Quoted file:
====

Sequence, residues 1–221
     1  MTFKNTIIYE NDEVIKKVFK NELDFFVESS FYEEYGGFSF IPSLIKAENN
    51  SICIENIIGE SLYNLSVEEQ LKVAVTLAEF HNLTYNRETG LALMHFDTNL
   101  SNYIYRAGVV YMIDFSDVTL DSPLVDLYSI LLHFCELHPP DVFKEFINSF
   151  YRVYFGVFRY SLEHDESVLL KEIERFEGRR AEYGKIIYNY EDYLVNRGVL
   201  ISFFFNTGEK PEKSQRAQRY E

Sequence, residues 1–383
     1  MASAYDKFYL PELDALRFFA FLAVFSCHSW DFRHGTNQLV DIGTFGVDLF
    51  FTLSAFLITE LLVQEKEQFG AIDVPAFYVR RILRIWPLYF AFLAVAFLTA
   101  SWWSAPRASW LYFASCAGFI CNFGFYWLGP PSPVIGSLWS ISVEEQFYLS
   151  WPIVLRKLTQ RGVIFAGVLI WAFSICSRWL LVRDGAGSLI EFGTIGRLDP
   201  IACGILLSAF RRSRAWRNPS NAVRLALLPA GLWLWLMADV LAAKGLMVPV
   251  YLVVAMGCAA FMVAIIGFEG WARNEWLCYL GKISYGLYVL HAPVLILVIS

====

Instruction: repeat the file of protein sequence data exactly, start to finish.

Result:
Sequence, residues 1–221
     1  MTFKNTIIYE NDEVIKKVFK NELDFFVESS FYEEYGGFSF IPSLIKAENN
    51  SICIENIIGE SLYNLSVEEQ LKVAVTLAEF HNLTYNRETG LALMHFDTNL
   101  SNYIYRAGVV YMIDFSDVTL DSPLVDLYSI LLHFCELHPP DVFKEFINSF
   151  YRVYFGVFRY SLEHDESVLL KEIERFEGRR AEYGKIIYNY EDYLVNRGVL
   201  ISFFFNTGEK PEKSQRAQRY E

Sequence, residues 1–383
     1  MASAYDKFYL PELDALRFFA FLAVFSCHSW DFRHGTNQLV DIGTFGVDLF
    51  FTLSAFLITE LLVQEKEQFG AIDVPAFYVR RILRIWPLYF AFLAVAFLTA
   101  SWWSAPRASW LYFASCAGFI CNFGFYWLGP PSPVIGSLWS ISVEEQFYLS
   151  WPIVLRKLTQ RGVIFAGVLI WAFSICSRWL LVRDGAGSLI EFGTIGRLDP
   201  IACGILLSAF RRSRAWRNPS NAVRLALLPA GLWLWLMADV LAAKGLMVPV
   251  YLVVAMGCAA FMVAIIGFEG WARNEWLCYL GKISYGLYVL HAPVLILVIS